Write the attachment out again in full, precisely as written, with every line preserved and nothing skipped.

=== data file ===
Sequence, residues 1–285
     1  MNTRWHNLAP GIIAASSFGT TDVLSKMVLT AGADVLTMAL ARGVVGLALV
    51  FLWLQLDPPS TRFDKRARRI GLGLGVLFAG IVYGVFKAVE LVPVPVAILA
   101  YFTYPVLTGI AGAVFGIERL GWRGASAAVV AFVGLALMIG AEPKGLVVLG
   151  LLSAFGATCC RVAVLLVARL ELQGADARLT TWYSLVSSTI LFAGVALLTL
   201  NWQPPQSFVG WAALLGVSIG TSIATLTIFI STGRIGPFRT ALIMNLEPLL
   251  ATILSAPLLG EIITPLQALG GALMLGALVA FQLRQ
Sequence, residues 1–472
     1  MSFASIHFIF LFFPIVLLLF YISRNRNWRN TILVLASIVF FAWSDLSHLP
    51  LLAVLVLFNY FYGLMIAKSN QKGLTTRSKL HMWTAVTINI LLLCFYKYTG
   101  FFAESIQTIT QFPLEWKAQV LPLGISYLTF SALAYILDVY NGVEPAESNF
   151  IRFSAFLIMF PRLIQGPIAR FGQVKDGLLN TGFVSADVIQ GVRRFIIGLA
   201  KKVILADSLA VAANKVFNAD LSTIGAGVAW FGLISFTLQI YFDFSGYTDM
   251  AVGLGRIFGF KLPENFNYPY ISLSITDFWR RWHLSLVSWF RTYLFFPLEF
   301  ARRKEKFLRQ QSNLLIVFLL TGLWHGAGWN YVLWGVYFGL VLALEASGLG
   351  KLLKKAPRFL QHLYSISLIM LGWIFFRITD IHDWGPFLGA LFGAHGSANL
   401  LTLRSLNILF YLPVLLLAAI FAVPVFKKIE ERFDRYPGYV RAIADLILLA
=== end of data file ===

Sequence, residues 1–285
     1  MNTRWHNLAP GIIAASSFGT TDVLSKMVLT AGADVLTMAL ARGVVGLALV
    51  FLWLQLDPPS TRFDKRARRI GLGLGVLFAG IVYGVFKAVE LVPVPVAILA
   101  YFTYPVLTGI AGAVFGIERL GWRGASAAVV AFVGLALMIG AEPKGLVVLG
   151  LLSAFGATCC RVAVLLVARL ELQGADARLT TWYSLVSSTI LFAGVALLTL
   201  NWQPPQSFVG WAALLGVSIG TSIATLTIFI STGRIGPFRT ALIMNLEPLL
   251  ATILSAPLLG EIITPLQALG GALMLGALVA FQLRQ
Sequence, residues 1–472
     1  MSFASIHFIF LFFPIVLLLF YISRNRNWRN TILVLASIVF FAWSDLSHLP
    51  LLAVLVLFNY FYGLMIAKSN QKGLTTRSKL HMWTAVTINI LLLCFYKYTG
   101  FFAESIQTIT QFPLEWKAQV LPLGISYLTF SALAYILDVY NGVEPAESNF
   151  IRFSAFLIMF PRLIQGPIAR FGQVKDGLLN TGFVSADVIQ GVRRFIIGLA
   201  KKVILADSLA VAANKVFNAD LSTIGAGVAW FGLISFTLQI YFDFSGYTDM
   251  AVGLGRIFGF KLPENFNYPY ISLSITDFWR RWHLSLVSWF RTYLFFPLEF
   301  ARRKEKFLRQ QSNLLIVFLL TGLWHGAGWN YVLWGVYFGL VLALEASGLG
   351  KLLKKAPRFL QHLYSISLIM LGWIFFRITD IHDWGPFLGA LFGAHGSANL
   401  LTLRSLNILF YLPVLLLAAI FAVPVFKKIE ERFDRYPGYV RAIADLILLA